Remember when you first saw Mr. Rogers zip up his fire-engine red sweater toward the end of his opening theme song, “Won’t You Be My Neighbor?”
When his show first aired in February 1968, Rogers had initially donned a button-down sweater. But he switched to zippers the following season because they made it easier for him to perform his minute-long routine of changing from work to casual attire.
During the opening to almost all of the show’s 895 episodes, Rogers would arrive “home,” remove his sport coat and pull out a cardigan from his closet. After zipping it up over his shirt and tie — in perfect sync with the line, “Let’s make the most of this beautiful day” — the host would then remove his loafers and lace up a pair of blue canvas sneakers.
An ordained Presbyterian minister, Rogers used his time on public television to teach children about self-esteem, getting in touch with their feelings, and being a “good neighbor.” His outfit changes provided young viewers with a sense of routine, letting them know they could relax for the course of the show.
Portrait of Fred Rogers Credit: Fotos International/Archive Photos/Getty Images
It may, therefore, come as a surprise that the cardigan was likely invented for the battlefield. Its creation is often credited to the 7th Earl of Cardigan, James Brudenell, who wore an early version of the knitted wool garment to keep warm during 1854’s infamous Charge of the Light Brigade, a failed offensive in the Crimean War. Despite his military failure, Cardigan returned to a hero’s welcome among an unknowing and eagerly receptive public, which helped popularize the jacket among Brits and Europeans.
Fred Rogers was the host of the popular long-running public television children’s show Mister Rogers’ Neighborhood. Credit: Deborah Feingold/Corbis Entertainment/Corbis via Getty Images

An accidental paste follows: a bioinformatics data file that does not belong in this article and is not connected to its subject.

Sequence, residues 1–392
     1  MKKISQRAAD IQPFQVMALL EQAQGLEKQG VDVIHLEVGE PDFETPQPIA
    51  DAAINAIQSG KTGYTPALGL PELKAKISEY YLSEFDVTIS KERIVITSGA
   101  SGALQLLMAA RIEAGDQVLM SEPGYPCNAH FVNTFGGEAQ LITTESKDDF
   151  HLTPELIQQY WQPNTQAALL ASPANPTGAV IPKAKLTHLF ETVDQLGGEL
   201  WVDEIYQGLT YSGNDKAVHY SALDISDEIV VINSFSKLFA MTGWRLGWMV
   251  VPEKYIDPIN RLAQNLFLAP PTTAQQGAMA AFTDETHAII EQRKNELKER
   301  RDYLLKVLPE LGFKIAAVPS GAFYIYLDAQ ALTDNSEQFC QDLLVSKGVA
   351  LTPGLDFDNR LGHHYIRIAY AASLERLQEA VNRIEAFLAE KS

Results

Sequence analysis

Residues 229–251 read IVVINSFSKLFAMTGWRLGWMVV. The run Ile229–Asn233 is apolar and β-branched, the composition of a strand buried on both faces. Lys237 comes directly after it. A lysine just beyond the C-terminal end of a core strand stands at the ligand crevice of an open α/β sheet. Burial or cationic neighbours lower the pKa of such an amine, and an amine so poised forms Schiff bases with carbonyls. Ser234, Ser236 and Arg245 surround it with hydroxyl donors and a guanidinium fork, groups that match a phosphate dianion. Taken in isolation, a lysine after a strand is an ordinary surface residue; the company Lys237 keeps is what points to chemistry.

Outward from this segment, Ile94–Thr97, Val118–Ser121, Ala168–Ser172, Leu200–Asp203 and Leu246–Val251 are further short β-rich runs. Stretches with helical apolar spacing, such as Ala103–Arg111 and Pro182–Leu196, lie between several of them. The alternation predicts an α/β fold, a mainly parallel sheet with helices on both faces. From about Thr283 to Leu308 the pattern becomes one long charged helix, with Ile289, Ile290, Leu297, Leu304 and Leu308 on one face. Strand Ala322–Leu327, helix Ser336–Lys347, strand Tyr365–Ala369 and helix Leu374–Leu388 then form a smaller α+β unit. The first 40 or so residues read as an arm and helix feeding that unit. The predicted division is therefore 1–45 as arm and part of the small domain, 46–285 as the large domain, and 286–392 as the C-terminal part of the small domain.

“For as long as I can remember she made at least one sweater every month,” said Rogers, adding that she would also make one for him every Christmas. “She would say OK, now what kind would you want next year? I know what you want, Freddy, you want the one with the zipper up the front.”
Now displayed at the Smithsonian National Museum of American History, the sweater was one of many in Mr. Rogers’ wardrobe, most hand-knitted by his mother, Nancy McFeely Rogers. Credit: Getty Images/Getty Images North America/Getty Images
They weren’t all red, though. Founder of The Neighborhood Archive blog, Tim Lybarger, documented every color of sweater worn by Mr. Rogers from 1971 until the show’s final episode in 2001, noting that he wore cool greens, blues and even gold in his early years before transitioning to warmer tones.
Rogers was no stranger to more formal looks, either. He wore a dark blazer to defend public television at a Senate hearing in 1969, and sported a cream-colored suit during an appearance on “Sesame Street” in 1981.
Tom Hanks stars as Mister Rogers in TriStar Pictures’ “A Beautiful Day in the Neighborhood.” Credit: LACEY TERRELL
And that’s how a simple sweater, which started life as a warrior’s uniform, evolved into a fashion statement symbolizing compassion and goodwill.